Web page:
As the series goes on, I hope that both players and the WSOP can remember that we have the same common goal of trying to grow the game of poker —and we can best accomplish this by working together.

Katie “hotjenny314” Dozier is a lead coach for Team Moshman and one of the Grindettes. An accomplished super-turbo and MTT player, she makes videos for Drag The Bar and PokerStrategy . Dozier, co-authored Pro Poker Strategy: The Top Skills and The Superuser. She posts more frequent updates on Twitter.

Any views or opinions expressed in this blog are solely those of the author and do not necessarily represent those of the ownership or management of


almost 10 years ago

The dealer challenge stems from how well dealers are paid. It use to be that the WSOP was the best gig a dealer could get and they would travel in to work the six weeks. With the growing number of deepstacks and other tourneys in town the dealer pool is spread thin. With mediocre pay, long hours and working daily with players who can be pretty unpleasant, sometimes new dealers are the only ones you can get to deal with that.


almost 10 years ago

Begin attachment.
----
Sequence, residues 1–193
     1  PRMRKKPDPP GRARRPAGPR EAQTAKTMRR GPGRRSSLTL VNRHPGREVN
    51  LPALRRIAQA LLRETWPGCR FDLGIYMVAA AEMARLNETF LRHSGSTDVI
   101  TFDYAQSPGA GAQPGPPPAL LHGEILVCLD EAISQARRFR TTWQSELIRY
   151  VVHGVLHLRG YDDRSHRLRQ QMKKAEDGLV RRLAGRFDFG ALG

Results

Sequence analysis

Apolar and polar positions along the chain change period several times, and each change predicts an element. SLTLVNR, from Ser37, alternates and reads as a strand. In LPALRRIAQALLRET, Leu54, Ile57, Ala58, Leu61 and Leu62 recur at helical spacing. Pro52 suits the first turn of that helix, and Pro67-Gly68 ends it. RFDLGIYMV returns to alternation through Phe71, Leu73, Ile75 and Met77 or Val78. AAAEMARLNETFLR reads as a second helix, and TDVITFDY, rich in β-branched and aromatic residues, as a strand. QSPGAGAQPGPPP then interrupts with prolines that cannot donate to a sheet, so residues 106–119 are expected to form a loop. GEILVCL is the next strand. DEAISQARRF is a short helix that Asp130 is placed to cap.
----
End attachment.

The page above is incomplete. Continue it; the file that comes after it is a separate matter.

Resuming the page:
And old saying you get what you pay for. If the pay and working conditions were better you would get better dealers. Players are always going to whine. The WSOP you are talking about 60+ events where 90% of players in each event are losers. It's actually worse then that when you consider 50% of the money in each event goes to the top 4 or 5 players and a majority of the cashers are getting little more then their money back. This is not like the internet where a player can put up that same money and enter a large # of events and hope to win 1 in 20 to make money. This is 1 and done each day for many players who cannot afford to lose what they do.


almost 10 years ago

Well put Clunker..........


almost 10 years ago

nothing is going to hurt the turnout at the wsop. tweeting out players customers or not is part of poker and keeps it hot like a soap opera. Just play and stop looking to be right all the time


almost 10 years ago

Not to pile on but poker players need to understand that they do not "own" the WSOP. It seems people that consider themselves to be "important" in the poker world think that a buy in somehow gives them a management stake. To me Aguiar, Fricke and anyone else that "offers their services" to the WSOP are diluted. The WSOP is a business and you are a customer (you aren't even a stock holder). If you do not like a policy... don't play. The WSOP helped create this issue with their so called "Poker Player Advisory Panel". This was nothing more than a publicity stunt and the panel had no real power. This tournament series is operated by Harrahs and is their sole property. If they feel it's necessary to insert random rules.... that's their prerogative. If the "customers" don't like they can complain and if that doesn't work... they can not play. These so called "pros" are not going to tell a billion dollar corporation how to run its business just because they pay an entry fee. The whole notion of these guys "offering their services" is absurd.